A revenue ruling is a type of administrative decision issued by the Internal Revenue Service (IRS) in the United States. Typically, revenue rulings are designed to assist taxpayers and tax professionals with determining how to treat certain transactions or taxable events for tax purposes. Once an IRS revenue ruling is made, it can be relied on as precedent by taxpayers and tax professionals.
In 1953, the IRS first began issuing revenue rulings. A year later, they adopted a numbering system that matches up with the year in which the opinion was handed down. For instance, Revenue Ruling 99-2 would be the second revenue opinion given in 1999. Revenue decisions are typically issued by the National Office, and they are primarily published in the Internal Revenue Bulletin.
Revenue rulings are usually handed down in order to clarify a vague tax statute, treaty, or regulation. These decisions generally represent the IRS's stance on how the tax laws apply in a certain tax scenario, and IRS agents and officials are typically obligated to follow them. If a taxpayer or tax professional fails to adhere to the conditions outlined in a revenue ruling, he or she may be required to pay additional taxes. In some circumstances, the IRS may fine or hand down a disciplinary action if somebody ignores a revenue ruling.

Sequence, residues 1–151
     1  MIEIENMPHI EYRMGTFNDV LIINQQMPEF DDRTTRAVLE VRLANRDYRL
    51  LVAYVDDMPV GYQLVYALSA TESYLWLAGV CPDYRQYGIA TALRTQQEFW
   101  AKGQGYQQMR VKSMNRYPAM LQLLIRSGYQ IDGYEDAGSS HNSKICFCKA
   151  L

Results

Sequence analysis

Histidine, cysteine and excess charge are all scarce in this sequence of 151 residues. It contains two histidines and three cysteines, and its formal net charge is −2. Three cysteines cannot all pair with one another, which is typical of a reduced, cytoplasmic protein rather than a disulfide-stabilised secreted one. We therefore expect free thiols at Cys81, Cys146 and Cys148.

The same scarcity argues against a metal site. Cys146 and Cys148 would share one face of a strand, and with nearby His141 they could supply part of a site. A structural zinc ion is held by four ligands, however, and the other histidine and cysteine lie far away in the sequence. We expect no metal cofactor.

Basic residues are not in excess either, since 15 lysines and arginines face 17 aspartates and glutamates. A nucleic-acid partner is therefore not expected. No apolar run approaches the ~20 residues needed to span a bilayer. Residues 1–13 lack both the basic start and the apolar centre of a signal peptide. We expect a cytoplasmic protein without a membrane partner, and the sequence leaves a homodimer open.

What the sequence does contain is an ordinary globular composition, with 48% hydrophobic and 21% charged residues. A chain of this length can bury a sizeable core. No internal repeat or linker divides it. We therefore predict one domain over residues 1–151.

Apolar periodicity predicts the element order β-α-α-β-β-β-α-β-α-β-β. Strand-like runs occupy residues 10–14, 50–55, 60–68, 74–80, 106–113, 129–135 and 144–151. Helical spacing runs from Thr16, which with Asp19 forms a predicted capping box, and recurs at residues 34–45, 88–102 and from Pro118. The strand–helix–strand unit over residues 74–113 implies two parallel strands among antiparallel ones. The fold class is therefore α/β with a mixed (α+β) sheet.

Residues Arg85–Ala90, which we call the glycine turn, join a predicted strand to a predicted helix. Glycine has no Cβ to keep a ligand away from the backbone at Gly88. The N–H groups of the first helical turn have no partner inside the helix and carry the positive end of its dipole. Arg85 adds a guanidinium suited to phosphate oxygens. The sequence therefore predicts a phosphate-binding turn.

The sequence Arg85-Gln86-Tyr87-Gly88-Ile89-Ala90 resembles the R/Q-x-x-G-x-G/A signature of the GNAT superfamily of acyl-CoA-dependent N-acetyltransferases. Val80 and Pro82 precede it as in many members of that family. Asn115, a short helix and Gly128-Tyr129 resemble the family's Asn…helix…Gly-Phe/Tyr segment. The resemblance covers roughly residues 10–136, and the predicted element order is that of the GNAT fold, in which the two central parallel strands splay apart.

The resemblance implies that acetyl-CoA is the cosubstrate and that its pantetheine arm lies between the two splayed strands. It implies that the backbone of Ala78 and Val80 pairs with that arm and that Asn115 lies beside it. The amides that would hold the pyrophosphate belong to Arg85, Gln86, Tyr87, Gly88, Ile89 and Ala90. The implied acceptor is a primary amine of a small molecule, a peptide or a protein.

Taxpayers can seek alternate forms of guidance from the IRS through private letter rulings. These rulings are similar to revenue rulings in that they advise a taxpayer about tax treatment in a particular scenario. Unlike a revenue ruling, however, a private letter ruling is only binding on the requesting taxpayer and the IRS, and other taxpayers cannot use it as precedent when filing tax returns. Sometimes the IRS elects to publish private letter rulings as public revenue rulings, making them binding precedent. Typically, a taxpayer must pay a fee in order to receive a private letter ruling.
The IRS may also put out a revenue procedure, which is an official statement published in the Internal Revenue Bulletin. Like revenue rulings, revenue procedures are intended to clarify tax statutes, treaties, and regulations. Unlike rulings, however, revenue procedures primarily address the procedural and administrative policies and practices of the IRS, such as return filing instructions. For instance, a revenue ruling may declare that a self-employed taxpayer can deduct expenses for a work car. The revenue procedure would outline procedural aspects, such as the taxpayer being able to compute the expenses by using a certain mileage rate when making the deduction.